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Alison Meek
Andrew Spira
Dan Evans
Denise Heywood
Dr Antonia Whitley
Dr Michael Douglas-Scott
Dr. David Bellingham
Dr. Marie-Anne Mancio
Dr. Richard Plant
Frederico Botana
Geoffrey Toms
Graham Fawcett
Harry Mount
Ian Cox
Jacqui Ansall
James McDonaugh
Jeremy Musson
Leslie Primo
Marie-Anne Mancio
Nick Ross
Nicola Lowe
Nicole Mezey
Nigel McGilchrist
Patrick Bade
Phillip Mansel
Richard Williams
Robert Hugill
Stephen Nelson
Suzanne Perrin
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Previous Course

Courts and Monarchs

4 October 2012 – 28 February 2013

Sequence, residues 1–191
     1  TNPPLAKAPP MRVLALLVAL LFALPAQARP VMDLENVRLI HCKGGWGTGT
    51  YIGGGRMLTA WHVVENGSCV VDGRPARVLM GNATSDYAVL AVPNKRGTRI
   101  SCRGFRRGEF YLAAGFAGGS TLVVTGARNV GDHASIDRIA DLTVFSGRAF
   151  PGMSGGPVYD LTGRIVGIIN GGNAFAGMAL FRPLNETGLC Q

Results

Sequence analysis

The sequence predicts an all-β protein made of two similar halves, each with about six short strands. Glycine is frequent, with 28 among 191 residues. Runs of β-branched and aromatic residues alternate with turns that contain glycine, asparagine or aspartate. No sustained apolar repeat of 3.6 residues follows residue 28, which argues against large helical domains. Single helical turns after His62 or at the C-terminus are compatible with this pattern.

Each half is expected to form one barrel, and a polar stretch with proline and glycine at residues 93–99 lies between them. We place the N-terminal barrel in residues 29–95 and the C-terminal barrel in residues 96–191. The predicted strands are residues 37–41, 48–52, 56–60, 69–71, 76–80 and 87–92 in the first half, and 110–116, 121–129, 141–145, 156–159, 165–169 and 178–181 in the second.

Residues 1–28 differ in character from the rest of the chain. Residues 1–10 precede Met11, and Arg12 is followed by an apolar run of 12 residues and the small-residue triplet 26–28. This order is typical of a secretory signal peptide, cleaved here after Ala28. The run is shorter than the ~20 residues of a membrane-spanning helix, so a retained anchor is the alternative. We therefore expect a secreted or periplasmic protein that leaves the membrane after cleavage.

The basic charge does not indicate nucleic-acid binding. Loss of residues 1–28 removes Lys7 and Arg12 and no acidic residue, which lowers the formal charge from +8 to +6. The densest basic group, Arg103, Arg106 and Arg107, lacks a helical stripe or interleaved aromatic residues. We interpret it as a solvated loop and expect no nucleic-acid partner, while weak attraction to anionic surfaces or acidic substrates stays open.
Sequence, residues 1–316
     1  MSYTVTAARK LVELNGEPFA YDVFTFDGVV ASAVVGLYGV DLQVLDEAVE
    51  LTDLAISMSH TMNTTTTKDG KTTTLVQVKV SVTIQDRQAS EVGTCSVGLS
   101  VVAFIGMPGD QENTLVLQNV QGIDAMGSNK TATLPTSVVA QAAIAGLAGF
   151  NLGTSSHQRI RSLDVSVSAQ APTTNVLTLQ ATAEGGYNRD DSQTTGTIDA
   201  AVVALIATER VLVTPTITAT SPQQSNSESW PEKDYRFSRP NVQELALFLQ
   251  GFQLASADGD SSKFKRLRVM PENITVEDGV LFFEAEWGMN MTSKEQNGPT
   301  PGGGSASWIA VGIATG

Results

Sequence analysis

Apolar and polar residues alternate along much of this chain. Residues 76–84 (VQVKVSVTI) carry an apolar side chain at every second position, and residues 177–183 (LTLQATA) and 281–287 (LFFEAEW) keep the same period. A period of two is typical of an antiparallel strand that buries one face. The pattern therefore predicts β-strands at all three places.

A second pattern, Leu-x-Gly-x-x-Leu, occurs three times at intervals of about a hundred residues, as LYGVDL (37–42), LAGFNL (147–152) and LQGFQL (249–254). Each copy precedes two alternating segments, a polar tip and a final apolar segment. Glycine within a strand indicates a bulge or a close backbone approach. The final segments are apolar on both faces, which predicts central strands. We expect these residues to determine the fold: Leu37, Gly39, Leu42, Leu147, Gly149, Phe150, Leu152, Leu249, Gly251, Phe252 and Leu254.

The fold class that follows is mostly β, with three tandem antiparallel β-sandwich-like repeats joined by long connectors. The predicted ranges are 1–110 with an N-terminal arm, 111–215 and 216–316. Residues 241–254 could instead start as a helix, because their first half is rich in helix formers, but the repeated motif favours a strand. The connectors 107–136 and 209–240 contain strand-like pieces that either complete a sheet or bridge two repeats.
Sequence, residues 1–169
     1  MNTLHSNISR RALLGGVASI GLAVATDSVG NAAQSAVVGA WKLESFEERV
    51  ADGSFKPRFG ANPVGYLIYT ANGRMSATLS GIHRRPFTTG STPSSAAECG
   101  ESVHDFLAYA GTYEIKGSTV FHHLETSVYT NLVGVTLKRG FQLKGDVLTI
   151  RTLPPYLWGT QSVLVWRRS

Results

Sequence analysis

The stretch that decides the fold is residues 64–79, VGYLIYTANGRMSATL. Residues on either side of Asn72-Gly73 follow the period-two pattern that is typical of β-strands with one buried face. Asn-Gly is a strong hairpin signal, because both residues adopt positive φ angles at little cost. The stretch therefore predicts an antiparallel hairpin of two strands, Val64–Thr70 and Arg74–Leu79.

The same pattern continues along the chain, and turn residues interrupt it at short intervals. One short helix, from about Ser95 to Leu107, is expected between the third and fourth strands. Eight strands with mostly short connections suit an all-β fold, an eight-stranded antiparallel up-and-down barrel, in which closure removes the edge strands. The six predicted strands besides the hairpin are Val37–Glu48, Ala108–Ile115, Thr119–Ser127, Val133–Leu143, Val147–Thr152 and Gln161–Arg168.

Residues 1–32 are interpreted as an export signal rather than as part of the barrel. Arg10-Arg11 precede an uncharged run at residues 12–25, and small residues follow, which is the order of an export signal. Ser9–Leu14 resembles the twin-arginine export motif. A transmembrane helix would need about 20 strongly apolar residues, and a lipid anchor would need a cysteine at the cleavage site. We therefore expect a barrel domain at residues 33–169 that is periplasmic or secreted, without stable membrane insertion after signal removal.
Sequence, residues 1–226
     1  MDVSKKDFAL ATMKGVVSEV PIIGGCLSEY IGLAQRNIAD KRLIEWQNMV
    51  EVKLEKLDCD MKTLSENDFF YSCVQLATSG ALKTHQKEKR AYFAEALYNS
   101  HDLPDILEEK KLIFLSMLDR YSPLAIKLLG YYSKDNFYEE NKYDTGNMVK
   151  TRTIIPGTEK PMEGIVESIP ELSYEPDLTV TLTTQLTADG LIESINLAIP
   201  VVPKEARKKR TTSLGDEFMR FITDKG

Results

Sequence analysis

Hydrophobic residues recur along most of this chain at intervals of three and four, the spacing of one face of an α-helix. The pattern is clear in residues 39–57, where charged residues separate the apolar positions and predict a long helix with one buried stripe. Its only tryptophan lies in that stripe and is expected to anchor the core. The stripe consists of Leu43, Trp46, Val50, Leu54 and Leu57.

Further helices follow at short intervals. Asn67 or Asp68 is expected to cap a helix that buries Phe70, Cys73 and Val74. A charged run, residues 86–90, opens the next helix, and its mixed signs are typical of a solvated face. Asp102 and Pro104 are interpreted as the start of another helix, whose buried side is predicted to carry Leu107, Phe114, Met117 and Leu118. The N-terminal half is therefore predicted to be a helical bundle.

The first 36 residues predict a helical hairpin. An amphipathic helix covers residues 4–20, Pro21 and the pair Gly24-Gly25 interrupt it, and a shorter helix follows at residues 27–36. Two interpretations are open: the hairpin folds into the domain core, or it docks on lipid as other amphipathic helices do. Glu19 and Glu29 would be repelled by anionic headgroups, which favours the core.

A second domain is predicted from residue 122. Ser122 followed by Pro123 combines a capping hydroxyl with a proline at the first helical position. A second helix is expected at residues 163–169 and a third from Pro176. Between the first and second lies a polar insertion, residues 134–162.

Courts can be defined as ruling dynasties, their households and palaces. Until 1918 they were keys to power and creativity, and to the growth of countries, cities and armies. Dynastic marriages helped create Spain out of Castile and Aragon, Britain out of England and Scotland. In the nineteenth century the Prussian monarchy and army conquered or united Germany, as the Piedmontese conquered or united Italy. For four centuries the Ottoman dynasty and its servants united the Balkans the Middle East and North Africa in the Ottoman Empire. In Courts and Monarchs Philip Mansel focuses on the dynamic role played by courts in Europe and the Middle East, particularly in the eighteenth and nineteenth centuries. Europe continued to be linked by networks of courts, and court cities, until 1914.

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